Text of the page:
The Centrica [CNA.L] share price has been trading sideways for the past month, despite the owner of British Gas being in the best shape it has been in for a long while.
Higher energy prices have sent profits higher, while many of Centrica-owned British Gas’s competitors have gone under after last year’s energy crisis. But does the turbulence in the stock represent a buying opportunity?
What’s happening with Centrica’s share price?
After years of disappointment, Centrica’s share price soared in 2021 as the company appeared to be a solid option during the energy crisis. Over a 12-month timeframe, the stock is up 32.22% and hit a 52-week high of 84.78p on 23 March. However, Centrica’s shares are down 7% year-to-date, having fallen 2.9% last week to close at 76.50p. The question for investors is whether there is any more upside left or if there are further drops ahead.
Why should investors care about Centrica’s share price?
Competitors had been stealing away customers from British Gas for years, depleting its share of the retail gas and electricity market and putting a sizable dent in the stock. Yet, that all changed in 2021 when 33 suppliers went bust during the energy crisis.
Suddenly, Centrica’s sheer scale was an asset as investors bought back into a business that could withstand the crisis. Centrica took on 500,000 new customers from suppliers that had shut shop in the second half of 2021, and 175,000 more customers in January. At the end of April, it emerged that Centrica was in the running to buy collapsed energy supplier Bulb, according to the Sunday Times. With fewer competitors around and more customers, Centrica could see a marked improvement on its bottom line this year.
Is Centrica profitable?
In its 2021 results, Centrica reported an adjusted operating profit of £948m, up 112% from the $447m the previous year, while EBITDA rose 38% to £1.85bn. Revenues came in at £18.3bn, up 23% from £14.9bn. The sale of Direct Energy for £2.7bn significantly boosted Centrica’s balance sheet.
Higher oil and gas prices drove much of these profits, with Centrica’s upstream business delivering operating profits of £573m. The war in Ukraine has boosted energy prices even higher, which could benefit Centrica’s profits in 2022.
Does Centrica pay a dividend?
Income seekers will be glad to note that Centrica’s top brass has suggested the dividend will return in 2022, although this will depend on the company managing to sustain growth.
“[The Centrica board is] very mindful of the importance of the dividend to shareholders, and it remains under active consideration. Whilst the share price increased by around 50%, we are very conscious this was from a low base. We’ve made progress, and many of the building blocks are in place, but we still have some way to accelerate the type of sustainable growth that we strive to deliver,” Scott Wheway, Centrica chairman, said in the company’s annual report.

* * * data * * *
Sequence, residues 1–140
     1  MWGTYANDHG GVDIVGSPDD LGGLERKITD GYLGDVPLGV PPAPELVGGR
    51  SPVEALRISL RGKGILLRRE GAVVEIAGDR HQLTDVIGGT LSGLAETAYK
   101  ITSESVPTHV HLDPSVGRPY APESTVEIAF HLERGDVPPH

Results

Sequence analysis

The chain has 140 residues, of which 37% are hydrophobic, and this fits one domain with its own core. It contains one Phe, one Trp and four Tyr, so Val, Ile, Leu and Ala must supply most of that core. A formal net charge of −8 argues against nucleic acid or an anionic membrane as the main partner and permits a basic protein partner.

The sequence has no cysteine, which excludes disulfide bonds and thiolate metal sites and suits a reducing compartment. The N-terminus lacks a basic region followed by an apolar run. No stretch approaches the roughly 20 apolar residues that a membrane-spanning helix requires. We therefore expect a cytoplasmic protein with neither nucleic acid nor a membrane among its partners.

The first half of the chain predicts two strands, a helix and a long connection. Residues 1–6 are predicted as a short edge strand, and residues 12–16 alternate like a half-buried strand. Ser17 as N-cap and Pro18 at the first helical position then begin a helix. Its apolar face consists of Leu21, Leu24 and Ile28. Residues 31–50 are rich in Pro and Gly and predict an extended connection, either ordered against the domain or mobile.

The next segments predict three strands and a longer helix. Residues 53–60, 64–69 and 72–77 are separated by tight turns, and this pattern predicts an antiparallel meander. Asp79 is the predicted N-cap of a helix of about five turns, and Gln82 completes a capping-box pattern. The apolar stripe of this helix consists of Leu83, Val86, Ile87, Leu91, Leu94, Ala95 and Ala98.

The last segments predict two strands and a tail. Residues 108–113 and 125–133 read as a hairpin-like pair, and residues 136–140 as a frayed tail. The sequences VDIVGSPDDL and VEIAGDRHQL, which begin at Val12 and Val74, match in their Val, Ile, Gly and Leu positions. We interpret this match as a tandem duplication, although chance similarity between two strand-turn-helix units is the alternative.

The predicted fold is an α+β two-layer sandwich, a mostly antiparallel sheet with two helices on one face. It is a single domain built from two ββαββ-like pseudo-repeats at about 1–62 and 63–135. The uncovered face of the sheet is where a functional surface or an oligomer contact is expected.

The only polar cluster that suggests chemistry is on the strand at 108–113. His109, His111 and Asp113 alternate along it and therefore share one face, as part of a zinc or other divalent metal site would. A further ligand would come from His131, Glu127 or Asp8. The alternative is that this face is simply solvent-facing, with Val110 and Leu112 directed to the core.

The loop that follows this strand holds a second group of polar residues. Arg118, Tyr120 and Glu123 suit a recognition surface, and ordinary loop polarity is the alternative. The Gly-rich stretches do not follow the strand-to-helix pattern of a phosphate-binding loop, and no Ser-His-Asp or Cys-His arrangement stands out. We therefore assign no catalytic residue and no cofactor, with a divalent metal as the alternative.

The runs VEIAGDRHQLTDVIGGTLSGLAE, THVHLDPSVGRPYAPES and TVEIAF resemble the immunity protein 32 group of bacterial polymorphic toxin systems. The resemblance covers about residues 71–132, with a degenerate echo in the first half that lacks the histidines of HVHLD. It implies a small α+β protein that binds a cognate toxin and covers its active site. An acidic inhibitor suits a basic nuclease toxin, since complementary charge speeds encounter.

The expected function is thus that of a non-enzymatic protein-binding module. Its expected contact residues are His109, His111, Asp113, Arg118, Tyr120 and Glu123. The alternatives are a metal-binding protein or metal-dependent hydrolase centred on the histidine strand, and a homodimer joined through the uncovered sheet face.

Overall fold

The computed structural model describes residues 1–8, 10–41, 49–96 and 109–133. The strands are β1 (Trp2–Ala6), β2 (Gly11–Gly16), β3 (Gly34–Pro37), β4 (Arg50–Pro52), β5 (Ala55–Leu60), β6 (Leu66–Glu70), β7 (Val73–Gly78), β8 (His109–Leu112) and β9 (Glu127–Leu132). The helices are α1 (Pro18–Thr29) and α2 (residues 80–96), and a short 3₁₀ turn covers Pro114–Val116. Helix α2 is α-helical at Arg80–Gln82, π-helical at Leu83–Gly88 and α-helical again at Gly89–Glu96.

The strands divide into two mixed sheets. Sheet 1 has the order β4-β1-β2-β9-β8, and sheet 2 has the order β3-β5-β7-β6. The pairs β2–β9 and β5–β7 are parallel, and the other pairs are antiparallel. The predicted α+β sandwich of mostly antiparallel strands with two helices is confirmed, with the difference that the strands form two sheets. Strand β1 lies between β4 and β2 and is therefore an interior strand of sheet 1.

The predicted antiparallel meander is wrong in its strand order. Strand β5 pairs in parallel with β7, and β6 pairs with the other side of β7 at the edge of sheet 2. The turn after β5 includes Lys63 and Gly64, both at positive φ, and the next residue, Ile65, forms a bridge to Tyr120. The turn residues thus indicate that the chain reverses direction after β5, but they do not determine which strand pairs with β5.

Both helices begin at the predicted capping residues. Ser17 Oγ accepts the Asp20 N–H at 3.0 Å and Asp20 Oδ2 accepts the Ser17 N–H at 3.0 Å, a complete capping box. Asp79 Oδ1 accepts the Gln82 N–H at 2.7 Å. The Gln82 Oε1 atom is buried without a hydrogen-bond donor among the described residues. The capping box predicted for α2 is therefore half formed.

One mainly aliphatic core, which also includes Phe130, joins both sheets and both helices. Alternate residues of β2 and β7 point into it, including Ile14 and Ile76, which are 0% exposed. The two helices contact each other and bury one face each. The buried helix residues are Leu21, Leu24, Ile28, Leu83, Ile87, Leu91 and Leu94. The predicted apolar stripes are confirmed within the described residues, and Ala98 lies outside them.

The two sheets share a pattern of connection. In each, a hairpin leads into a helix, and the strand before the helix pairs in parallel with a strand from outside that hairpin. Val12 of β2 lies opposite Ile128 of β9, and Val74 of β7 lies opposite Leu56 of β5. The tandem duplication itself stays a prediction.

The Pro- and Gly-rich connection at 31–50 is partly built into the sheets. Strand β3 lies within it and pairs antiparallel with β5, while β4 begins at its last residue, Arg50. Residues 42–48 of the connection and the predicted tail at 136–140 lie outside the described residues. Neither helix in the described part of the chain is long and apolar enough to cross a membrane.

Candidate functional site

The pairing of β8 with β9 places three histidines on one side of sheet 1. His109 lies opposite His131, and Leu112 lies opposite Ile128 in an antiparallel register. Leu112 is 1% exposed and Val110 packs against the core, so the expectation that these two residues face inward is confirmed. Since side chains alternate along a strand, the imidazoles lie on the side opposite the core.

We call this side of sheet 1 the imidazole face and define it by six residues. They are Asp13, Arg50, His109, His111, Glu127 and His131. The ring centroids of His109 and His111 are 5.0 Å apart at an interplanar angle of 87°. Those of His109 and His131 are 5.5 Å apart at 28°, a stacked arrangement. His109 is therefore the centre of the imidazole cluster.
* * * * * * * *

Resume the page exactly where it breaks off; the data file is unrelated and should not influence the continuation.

A reintroduction of the dividend was shelved previously to preserve capital during the beginning of the coronavirus pandemic. In 2019, Centrica paid a total of 5p a share, significantly less than 2018’s 12p. With management signalling that it has some way to go before the business delivers significant growth, a return to 2018 levels seems unlikely even if a dividend is reintroduced.
What are analysts forecasting for Centrica?
The 14 analysts offering 12-month price targets for Centrica have a median target of 87.50p, with a high estimate of 130.00p, and low estimate of 50.00p, with the Financial Times. The median estimate represents a 14.38% increase from Friday’s close at 76.50p.
With three ‘buy’, eight ‘outperform’ and six ‘hold’ recommendations among analysts following the stock, along with one ‘sell’ rating, the majority of analysts are positive on Centrica.
Disclaimer Past performance is not a reliable indicator of future results.
CMC Markets is an execution-only service provider. The material (whether or not it states any opinions) is for general information purposes only, and does not take into account your personal circumstances or objectives. Nothing in this material is (or should be considered to be) financial, investment or other advice on which reliance should be placed. No opinion given in the material constitutes a recommendation by CMC Markets or the author that any particular investment, security, transaction or investment strategy is suitable for any specific person.
The material has not been prepared in accordance with legal requirements designed to promote the independence of investment research. Although we are not specifically prevented from dealing before providing this material, we do not seek to take advantage of the material prior to its dissemination.
CMC Markets does not endorse or offer opinion on the trading strategies used by the author. Their trading strategies do not guarantee any return and CMC Markets shall not be held responsible for any loss that you may incur, either directly or indirectly, arising from any investment based on any information contained herein.
*Tax treatment depends on individual circumstances and can change or may differ in a jurisdiction other than the UK.